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Mozambique's Renamo threatens to paralyse coal export line

MAPUTO (Reuters) - The opposition party Renamo, a former guerrilla organization, threatened on Wednesday to paralyse the only railway line leading from Mozambique’s northwest coalfields.

Renamo information chief Jeronimo Malagueta told a news conference in Maputo the disruption of the Sena line from Tete to the Indian Ocean port of Beira would last “as long as it takes”.

“From Thursday June 20 we will take action to make the logistics of the country fragile,” he said, without providing details.

He did not clarify the group’s objectives but the threat marks an escalation in tensions with the Frelimo government, the formerly Marxist party that has run the southern African nation since the end of the 1975-1992 civil war.

Fernando Mavanga, the main spokesman for Renamo, which is thought to have around 1,000 men under arms, said its plans were “military secrets”. He justified action against the coal corridor because it was an economic lifeline for Frelimo.

Relations between Frelimo and Renamo, founded around independence with the help of white-ruled Rhodesia and apartheid South Africa, have nosedived this year amid accusations that Frelimo has a unshakeable grip over politics and the economy.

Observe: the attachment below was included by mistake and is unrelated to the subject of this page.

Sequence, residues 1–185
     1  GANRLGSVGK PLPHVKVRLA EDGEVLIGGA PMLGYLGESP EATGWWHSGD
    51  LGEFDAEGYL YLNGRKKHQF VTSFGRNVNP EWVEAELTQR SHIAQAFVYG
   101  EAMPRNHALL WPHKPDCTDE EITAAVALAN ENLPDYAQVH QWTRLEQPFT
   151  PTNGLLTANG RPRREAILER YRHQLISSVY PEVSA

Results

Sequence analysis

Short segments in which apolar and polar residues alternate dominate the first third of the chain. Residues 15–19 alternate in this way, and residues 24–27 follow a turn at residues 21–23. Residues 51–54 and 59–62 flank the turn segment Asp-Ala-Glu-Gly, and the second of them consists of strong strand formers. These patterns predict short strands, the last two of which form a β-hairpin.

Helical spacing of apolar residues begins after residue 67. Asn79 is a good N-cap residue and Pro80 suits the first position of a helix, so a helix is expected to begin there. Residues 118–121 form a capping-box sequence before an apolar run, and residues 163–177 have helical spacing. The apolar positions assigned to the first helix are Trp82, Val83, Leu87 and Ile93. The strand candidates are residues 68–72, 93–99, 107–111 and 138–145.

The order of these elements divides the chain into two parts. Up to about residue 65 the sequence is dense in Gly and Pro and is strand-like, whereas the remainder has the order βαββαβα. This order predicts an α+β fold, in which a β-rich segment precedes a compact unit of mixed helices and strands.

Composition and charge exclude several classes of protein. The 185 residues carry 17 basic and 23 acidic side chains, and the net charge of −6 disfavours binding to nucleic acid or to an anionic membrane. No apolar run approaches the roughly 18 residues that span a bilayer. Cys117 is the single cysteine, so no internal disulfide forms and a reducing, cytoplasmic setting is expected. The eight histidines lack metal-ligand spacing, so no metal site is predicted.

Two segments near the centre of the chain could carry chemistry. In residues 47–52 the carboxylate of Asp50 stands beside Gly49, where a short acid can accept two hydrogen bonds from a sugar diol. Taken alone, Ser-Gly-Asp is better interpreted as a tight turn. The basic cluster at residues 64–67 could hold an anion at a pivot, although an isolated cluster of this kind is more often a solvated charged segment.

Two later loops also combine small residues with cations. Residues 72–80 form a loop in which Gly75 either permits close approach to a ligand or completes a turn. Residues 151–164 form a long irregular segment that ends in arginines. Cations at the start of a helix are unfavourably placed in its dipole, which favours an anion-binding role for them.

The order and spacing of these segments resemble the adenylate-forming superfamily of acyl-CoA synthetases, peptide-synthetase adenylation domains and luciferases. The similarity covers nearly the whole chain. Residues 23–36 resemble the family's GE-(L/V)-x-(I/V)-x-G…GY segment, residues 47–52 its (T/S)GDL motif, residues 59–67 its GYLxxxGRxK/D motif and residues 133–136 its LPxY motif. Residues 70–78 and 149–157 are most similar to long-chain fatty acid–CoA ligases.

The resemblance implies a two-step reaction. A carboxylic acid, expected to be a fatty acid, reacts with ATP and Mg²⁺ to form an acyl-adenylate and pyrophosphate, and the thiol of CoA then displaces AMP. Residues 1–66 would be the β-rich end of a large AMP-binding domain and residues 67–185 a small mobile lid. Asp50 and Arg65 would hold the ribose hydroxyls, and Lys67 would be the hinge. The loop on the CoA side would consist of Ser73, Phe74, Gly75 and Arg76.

Seven soldiers were killed on Monday when gunmen raided a weapons depot near the Sena line terminus, although Renamo denied any involvement.

Two months ago, Renamo fighters killed four policemen in an attack on a police station and a few days later three civilians were killed when gunmen ambushed vehicles on the main north-south highway, a common Renamo tactic during the civil war.

Many Mozambicans fear the tensions and violence could derail an economic boom based on foreign mining investment.

Reporting by Marina Lopes; Writing by Ed Cropley; Editing by David Dolan and Angus MacSwan